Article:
He smiled and said, ‘This is conventional thinking. We go inwards because we know that the power that controls us is also a part of our intuition. But look around you. That same power is all around you in everything that lives and all that we call non-living.’ I nodded because it made sense. I mean, I am not the only one who is blessed with that power. Everyone is. So he surmised that the solution will be far stronger and far more meaningful if all the powers in the entire universe decided to solve his problem.
‘I want the powers of the universe to tell me how to be a good artist,’ he said, and he took a piece of paper, dabbed some water colours in a random sort of way and kept it near the open window of our room.
So what do think happened then?
Well, actually nothing happened that I could say was a miracle. It was a clear day… but then the clouds appeared and it started raining. Then a gentle wind pushed a few raindrops inwards and all I saw was Param’s paper with colour smudges. The wind then dropped… and after sometime even the rain stopped. The sun came out again.
Normal. This is quite normal. I couldn’t see any miracle anywhere.
Param walked up to his sheet of paper and looked at the smudges. They were nearly dry now. He looked at them as if he were trying to decipher some complex ancient hieroglyphs and then opened his pen and drew some lines. Then he showed it to me and I was startled.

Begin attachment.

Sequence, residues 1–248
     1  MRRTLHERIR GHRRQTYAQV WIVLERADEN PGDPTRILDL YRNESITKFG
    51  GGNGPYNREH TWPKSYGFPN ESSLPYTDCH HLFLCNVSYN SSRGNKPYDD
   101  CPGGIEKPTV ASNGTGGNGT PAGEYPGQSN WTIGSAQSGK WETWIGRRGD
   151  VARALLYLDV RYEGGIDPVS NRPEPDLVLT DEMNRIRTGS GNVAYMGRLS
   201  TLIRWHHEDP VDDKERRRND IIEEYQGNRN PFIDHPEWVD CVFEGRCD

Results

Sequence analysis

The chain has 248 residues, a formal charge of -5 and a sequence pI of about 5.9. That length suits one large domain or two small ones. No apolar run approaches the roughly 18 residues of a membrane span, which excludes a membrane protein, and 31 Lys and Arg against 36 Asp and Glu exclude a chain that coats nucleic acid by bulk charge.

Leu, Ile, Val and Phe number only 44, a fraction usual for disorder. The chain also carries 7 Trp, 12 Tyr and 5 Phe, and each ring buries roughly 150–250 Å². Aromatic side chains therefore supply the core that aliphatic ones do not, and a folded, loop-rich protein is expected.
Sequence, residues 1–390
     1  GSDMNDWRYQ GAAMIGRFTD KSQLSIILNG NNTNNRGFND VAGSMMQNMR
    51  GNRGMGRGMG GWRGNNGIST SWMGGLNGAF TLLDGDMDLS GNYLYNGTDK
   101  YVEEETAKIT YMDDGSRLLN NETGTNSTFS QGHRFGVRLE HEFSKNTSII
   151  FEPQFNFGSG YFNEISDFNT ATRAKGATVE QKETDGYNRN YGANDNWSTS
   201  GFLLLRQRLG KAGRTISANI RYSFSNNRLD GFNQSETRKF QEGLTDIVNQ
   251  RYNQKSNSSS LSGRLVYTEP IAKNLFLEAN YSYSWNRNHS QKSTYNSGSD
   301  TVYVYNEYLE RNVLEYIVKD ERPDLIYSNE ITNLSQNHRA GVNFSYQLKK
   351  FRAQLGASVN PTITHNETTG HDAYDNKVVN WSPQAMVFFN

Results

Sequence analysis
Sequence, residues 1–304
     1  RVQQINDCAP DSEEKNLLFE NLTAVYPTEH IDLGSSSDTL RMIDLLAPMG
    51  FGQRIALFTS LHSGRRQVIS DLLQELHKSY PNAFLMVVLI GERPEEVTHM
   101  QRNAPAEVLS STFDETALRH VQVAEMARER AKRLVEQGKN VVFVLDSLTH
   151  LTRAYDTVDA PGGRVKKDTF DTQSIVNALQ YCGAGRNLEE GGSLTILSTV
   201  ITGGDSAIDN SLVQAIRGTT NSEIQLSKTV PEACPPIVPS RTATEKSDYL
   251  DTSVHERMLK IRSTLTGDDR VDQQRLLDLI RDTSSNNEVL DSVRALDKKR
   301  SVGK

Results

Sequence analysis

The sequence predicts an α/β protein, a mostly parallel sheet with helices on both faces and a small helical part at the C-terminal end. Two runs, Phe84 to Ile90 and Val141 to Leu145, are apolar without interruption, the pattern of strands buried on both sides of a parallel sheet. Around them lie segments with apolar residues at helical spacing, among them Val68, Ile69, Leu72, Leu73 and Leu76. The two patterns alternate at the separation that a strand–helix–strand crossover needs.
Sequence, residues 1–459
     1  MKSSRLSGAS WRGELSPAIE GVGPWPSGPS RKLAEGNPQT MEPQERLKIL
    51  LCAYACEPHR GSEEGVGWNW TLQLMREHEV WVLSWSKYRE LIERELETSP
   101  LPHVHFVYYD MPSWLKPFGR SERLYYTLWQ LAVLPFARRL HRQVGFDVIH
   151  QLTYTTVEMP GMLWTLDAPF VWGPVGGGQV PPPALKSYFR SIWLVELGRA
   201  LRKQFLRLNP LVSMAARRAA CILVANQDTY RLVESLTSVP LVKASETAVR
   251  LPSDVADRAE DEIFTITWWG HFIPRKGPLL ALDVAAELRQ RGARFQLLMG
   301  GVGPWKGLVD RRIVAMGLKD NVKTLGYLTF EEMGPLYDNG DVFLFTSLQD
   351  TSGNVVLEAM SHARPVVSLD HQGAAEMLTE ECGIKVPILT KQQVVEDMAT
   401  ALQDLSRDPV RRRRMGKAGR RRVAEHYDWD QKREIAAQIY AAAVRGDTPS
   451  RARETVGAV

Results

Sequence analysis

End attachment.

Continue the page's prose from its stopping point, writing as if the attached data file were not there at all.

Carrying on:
‘This is a great artwork, man!’
‘Yes, and it tells me to let colours find their own way,’ he said, ‘and they will talk to your mind and something unique is then born.’ He then thought for a while and added, ‘You know you just need to imagine a thing and you’ll have the power to complete it. I was actually trying to draw balloons of different shapes and couldn’t. Then I kept this sheet with colours splashed on it and this is what a few raindrops did for me.’ He called this artwork ‘raindrops on paper’ and called it his first step into the real world of creative thinking.
It was only later that he stumbled on to Arthur Ward’s quote that said: ‘If you can imagine it, you can achieve it; if you can dream it, you can become it.’ And then his quest to adopt creativity through controlled imagination became an obsession. ‘Words and ideas will not come to just anyone,’ he told me, ‘they are a choo
sy lot. They stop only when they see the right ambiance.’
It was sometime after his revolutionary experience of ‘raindrops on paper’ that he read somewhere about the relationship between a beard and good thoughts. His research led him to some Professor Hill’s paper and he quoted from it: “We remember the Biblical story of when Delilah cut off Samson’s hair in the Book of Judges. As a result of this Samson lost his strength. Our research has found that there is credence in this story as men who are creative and have had beards, but shaved them off, lose on average 50% of their ideas each day.” This was his next eureka moment… and no, he didn’t run naked in the hostel corridor, but simply told me, ‘All I need to do is to imagine I have a beard. Words and ideas will see me as the right substrate and land on me faster and with more frequency.’
This happened years back. But I know that Param is now a hot-shot creative boss in some ad agency in London. And I’m sure he will still be filling imaginary bins with imaginary strands… and words and ideas would be dropping by at an unnerving pace. My intuition also tells me that Param must not have framed his ‘raindrops on paper’ artwork but it must still be pinned carefully to a board where he would see it daily.